"I am looking forward to the position in general as a challenge, and I look forward to working with all the agencies that I have met through my previous experiences," added Pickard.

"It has to be teamwork – from gate to plate – in any agricultural business, and same with supply management."
May 7, 2013 - Going to the grocery store and purchasing anything can be quite difficult – mostly because of the huge variety of products available to the consumer. Each company wants to sell you their brand because it is better, healthier, cheaper, etc., but it is ultimately up to the consumer to increase their knowledge and make an informed decision.

Dr. Jayson Lusk, on behalf of the World Society for the Protection of Animals, recently analyzed a consumer survey and in combination with his previous research, found that if consumers knew more about hen housing conditions, cage-free egg sales would likely increase.

Dr. Lusk, a professor and Willard Sparks Endowed Chair at the Department of Agricultural Economics at Oklahoma State University, said that the biggest problem preventing cage-free eggs from acquiring a larger market share is the knowledge of the customer. "Most people do not know much about egg production, and when you ask most American consumers, their perceptions about egg laying conditions are wrong."

In fact, according to Dr. Lusk, previous studies have found that customers think anywhere from 40-70 per cent of egg-laying hens are kept in cages, while the reality in the U.S. is closer to 95 per cent. "People tend to have a more 'romantic' view of agriculture than is often the case," he said.

In his report, Dr. Lusk used the example of Proposition 2 in California from 2008, a ballot initiative that passed with over 60 per cent in favour to ban conventional cages. Because of the large media initiative by supporters and proponents writes Dr. Lusk, there was an abundance of information on layer housing conditions available to the public. "Over that time period," he said, "the market share for organic and cage-free eggs increased significantly when that vote and advertisements were going on"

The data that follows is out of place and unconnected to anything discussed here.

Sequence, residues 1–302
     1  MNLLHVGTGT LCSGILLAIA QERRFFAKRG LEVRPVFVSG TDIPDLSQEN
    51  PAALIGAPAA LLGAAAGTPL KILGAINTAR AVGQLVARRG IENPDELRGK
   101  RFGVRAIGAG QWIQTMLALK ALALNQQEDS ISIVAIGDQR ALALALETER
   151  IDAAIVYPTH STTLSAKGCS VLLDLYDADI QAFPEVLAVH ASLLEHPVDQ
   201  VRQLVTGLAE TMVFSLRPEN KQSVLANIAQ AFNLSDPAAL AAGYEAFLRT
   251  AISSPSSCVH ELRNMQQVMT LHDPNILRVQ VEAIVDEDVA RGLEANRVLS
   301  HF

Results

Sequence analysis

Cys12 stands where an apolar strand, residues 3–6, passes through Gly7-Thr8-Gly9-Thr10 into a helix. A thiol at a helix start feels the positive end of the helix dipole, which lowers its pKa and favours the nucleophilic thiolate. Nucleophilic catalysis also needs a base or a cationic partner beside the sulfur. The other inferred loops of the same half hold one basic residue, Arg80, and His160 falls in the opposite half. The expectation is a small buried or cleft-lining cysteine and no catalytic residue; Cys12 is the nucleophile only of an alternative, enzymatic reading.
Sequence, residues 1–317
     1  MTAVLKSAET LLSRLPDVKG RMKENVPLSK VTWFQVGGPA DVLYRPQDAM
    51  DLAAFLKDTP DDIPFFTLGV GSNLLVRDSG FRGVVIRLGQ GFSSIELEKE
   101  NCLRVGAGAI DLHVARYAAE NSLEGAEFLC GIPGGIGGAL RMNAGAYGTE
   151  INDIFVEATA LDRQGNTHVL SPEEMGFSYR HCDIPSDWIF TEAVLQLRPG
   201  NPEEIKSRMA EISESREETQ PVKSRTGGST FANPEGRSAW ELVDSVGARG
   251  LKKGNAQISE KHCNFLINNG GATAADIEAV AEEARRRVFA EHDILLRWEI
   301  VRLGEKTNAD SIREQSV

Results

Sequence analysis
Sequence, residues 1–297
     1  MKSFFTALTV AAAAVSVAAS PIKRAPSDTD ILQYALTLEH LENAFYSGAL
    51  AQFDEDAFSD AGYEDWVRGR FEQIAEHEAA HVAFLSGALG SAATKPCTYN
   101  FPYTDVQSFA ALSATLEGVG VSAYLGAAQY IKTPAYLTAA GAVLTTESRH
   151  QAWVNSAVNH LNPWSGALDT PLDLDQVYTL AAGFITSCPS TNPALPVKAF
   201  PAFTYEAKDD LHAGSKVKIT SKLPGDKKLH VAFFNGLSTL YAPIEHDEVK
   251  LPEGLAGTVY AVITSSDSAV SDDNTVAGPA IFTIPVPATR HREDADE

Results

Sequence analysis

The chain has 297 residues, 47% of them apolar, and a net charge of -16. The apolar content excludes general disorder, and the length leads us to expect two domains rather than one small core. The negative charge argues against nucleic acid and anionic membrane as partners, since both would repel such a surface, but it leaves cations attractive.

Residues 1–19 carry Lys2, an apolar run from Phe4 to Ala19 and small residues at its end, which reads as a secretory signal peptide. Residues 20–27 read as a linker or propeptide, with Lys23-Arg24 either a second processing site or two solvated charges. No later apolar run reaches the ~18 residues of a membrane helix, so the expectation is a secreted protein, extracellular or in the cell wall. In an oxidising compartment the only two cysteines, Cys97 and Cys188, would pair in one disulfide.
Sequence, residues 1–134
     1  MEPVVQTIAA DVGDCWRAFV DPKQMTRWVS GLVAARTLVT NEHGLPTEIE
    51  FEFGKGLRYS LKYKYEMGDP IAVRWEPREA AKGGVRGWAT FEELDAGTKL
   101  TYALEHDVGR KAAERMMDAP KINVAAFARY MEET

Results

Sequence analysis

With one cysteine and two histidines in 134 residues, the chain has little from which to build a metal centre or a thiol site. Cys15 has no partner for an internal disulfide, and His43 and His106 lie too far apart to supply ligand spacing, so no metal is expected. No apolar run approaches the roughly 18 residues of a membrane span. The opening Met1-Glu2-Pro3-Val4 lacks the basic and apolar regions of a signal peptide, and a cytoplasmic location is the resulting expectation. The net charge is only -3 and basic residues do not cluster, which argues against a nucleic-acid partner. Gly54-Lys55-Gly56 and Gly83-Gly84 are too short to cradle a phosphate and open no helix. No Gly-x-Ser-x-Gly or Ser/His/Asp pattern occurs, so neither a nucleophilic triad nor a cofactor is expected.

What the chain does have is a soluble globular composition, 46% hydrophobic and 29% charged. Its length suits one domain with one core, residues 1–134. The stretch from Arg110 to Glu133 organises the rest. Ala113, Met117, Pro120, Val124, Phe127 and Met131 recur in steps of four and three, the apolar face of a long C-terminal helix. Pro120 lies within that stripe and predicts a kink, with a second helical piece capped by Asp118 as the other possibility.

As of 2008, the market share for cage-free and organic eggs was two percent. But, by using this information in addition to retail scanning data from Oakland and San Francisco, Dr. Lusk was able to predict how increasing consumer knowledge could affect egg sales.

Dr. Lusk forecasts that:

• A modest increase in consumer knowledge (from 10 to 25 per cent) could increase market share for cage-free eggs by 20 percent. If three quarters of consumers received information regarding layer housing, the market share of cage-free eggs could rise by up to 62 per cent.
• If conventional cages are eliminated, costs for customers conventional eggs would increase about 15 percent, potentially causing cage-free sales to grow by 12 per cent.
• As market share rises, production efficiencies would emerge, dropping the cost of cage-free eggs by 10 per cent – which could, in turn, increase market share.

Ultimately, Dr. Lusk added, it is the market that will determine what changes (if any) will be made with respect to egg sales. But the demand for cage-free and organic eggs will continue to increase.

"And if those things align in a way that result in improved living conditions for the hens," he added. "That would be great."